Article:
- Associated Press - Sunday, November 8, 2015

COLUMBUS, Ga. (AP) - It is not easy serving a mission call for The Church of Jesus Christ of Latter-day Saints.

For two years, you start early in the morning and do not finish work until well into the evening.

And there are no days off.

There are many restrictions including no television, no parties, no Internet and no chatting with friends on the telephone.

But the young Mormon men and women on mission consider it an honor getting to spread their message around the world.

“Jesus Christ is the only way to eternal life,” said Elder Rhett Hiatt.

“Whatever we go through is worth seeing the sparkle in someone’s eyes when they get to truly know their savior.”

Hiatt, 20, is from Mesa, Ariz., and has been doing missionary work in Columbus for six months.

Others serving here are Elder Adam Saurey, 19, of Melba, Idaho; Elder Devin Porschatis, 20, of Centerville, Utah; and Elder Micah Lloyd, 19, of Moscow, Idaho.

Two local men are also getting ready to begin missions in September: Elder William Murphy, 18, of Columbus, will head to Fort Collins, Colo., and Elder J Penton Clark Hollist of Harris County is going to Madrid, Spain.

No one gets paid. In fact, each pays $9,600 for expenses.

The missionaries travel in pairs.

Saurey said that ensures everyone stays focused, and it also provides protection.

Saurey said the day begins at 6:30 a.m. with exercise.

There is an hour to get prepared, followed by an hour of personal study. The missionaries then get together for an hour of group study before heading out into the city. They work until 9 p.m. or later.

Saurey said they talk to people on the street. They also go into neighborhoods and knock on doors. Sometimes, a member of the local church will have a friend for them to meet.

“We stay away from stores,” Saurey said. “We don’t bother people shopping.”

Lloyd said the missionaries do not know what to expect out in the field, but most people are receptive to talking about Jesus, and the missionaries are usually well received.

But not always.

Hiatt said one time he was chased off with a gun.

“Some days, everyone is just mad at you,” he said.

Porschatis added, “Sometimes, you just have the best day ever,”

Hiatt called Columbus an “awesome place” where many seem knowledgeable about Jesus Christ.

Porschatis said the missionaries may help someone with housework. They might even cut a lawn.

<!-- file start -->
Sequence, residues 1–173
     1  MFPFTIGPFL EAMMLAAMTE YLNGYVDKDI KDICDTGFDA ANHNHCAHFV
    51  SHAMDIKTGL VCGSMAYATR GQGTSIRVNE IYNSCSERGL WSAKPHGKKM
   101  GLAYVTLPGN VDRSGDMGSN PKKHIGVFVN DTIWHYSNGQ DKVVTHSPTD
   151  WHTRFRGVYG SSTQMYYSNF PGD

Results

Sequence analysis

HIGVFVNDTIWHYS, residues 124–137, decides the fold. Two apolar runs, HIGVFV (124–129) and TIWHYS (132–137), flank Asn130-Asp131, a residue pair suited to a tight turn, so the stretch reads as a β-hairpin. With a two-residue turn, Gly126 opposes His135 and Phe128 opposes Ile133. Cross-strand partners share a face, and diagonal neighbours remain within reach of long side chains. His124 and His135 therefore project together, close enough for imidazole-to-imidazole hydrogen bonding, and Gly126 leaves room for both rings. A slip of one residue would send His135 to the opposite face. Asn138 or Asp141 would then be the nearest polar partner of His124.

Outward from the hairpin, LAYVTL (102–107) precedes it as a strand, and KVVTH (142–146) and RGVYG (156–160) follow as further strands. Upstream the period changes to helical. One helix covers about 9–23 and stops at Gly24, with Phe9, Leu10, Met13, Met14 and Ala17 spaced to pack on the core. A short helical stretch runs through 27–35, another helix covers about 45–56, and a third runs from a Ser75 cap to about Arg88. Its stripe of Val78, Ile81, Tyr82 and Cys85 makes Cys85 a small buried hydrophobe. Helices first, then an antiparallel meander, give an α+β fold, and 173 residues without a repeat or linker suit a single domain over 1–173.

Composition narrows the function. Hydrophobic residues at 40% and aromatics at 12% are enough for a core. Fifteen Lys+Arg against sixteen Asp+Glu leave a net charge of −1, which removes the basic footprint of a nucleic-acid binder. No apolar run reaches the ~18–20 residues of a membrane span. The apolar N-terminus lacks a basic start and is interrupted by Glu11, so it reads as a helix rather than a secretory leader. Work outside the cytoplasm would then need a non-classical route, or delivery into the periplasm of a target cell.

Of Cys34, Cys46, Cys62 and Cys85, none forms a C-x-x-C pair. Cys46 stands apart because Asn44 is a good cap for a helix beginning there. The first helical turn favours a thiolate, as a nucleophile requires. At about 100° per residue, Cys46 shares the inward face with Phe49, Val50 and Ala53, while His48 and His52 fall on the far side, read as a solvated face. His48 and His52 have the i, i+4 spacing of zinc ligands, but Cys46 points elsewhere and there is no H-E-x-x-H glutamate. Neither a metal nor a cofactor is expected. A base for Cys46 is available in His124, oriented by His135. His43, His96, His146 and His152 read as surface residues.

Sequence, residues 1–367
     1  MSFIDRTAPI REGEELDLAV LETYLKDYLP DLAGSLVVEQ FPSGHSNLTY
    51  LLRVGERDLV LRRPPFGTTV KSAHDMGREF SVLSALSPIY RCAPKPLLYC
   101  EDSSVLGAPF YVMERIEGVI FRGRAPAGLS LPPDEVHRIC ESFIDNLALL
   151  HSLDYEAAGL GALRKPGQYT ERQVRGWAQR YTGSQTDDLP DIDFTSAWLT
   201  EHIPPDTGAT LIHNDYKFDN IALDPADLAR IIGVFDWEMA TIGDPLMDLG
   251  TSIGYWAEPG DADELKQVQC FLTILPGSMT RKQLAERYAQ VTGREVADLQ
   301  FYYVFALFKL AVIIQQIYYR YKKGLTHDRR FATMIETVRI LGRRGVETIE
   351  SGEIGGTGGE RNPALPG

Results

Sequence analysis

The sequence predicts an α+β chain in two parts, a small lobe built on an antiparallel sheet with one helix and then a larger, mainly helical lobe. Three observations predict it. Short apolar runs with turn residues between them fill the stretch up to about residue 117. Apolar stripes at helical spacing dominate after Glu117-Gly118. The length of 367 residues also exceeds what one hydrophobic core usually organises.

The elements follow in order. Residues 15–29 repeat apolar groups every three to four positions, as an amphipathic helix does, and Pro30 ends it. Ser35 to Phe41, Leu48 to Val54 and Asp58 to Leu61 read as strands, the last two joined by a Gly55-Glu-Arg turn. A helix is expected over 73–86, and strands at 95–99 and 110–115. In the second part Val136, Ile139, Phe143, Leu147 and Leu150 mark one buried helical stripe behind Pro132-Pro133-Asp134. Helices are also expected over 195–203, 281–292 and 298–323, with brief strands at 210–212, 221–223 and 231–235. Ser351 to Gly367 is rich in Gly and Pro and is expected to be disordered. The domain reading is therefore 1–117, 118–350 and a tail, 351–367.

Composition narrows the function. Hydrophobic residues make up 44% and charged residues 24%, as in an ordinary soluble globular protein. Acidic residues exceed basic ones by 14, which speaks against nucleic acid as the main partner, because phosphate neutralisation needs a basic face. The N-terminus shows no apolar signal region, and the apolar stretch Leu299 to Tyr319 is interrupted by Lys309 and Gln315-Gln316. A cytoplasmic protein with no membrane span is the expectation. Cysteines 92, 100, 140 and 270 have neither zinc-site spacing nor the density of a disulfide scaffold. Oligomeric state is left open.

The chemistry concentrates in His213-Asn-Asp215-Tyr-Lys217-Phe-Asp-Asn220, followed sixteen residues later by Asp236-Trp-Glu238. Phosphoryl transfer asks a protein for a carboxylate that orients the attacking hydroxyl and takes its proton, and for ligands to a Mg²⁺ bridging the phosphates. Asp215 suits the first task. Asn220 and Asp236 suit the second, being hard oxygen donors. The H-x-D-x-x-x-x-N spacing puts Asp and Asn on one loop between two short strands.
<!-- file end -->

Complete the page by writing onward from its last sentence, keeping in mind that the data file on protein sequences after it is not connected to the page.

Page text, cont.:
“We are always looking for ways to help people,” he said. “Being in service of your fellow man is being in the service of God.”

Hiatt said there is an 82-page book of rules to follow.

Asked about the lack of entertainment and very limited contact with family, the missionaries said it can be difficult, but the rules keep them from being distracted or getting homesick.

To some it would seem like a brutal two years.

“If I give two years of my life to the Heavenly Father, I know I will be blessed tenfold,” Hollist said.

Murphy said the blessings outweigh the sacrifices.

“Everything will still be at home when we get back,” Lloyd said.

Before heading to the area in which they will work, missionaries attend a training center where they are taught how to teach the Gospel and, if necessary, begin to learn the language of the people they will be teaching.

Nobody requests an assignment. All are sent to their area by leaders at church headquarters.

Hiatt said church leaders are inspired by God in making their decisions.

Murphy remarked that potential missionaries do send information about themselves to the church headquarters prior to training.

Missionaries rarely stay in the same place for the entire two years.

Hollist, who is excited about going overseas, is practicing his Spanish. He is apprehensive about having the ability to communicate well in a different language and sharing his message correctly.

As for Murphy, he is thrilled about heading out West.

“I want to bless other lives and teach them about the Gospel of Jesus Christ,” he said.

___

Information from: Columbus Ledger-Enquirer, http://ledger-enquirer.com

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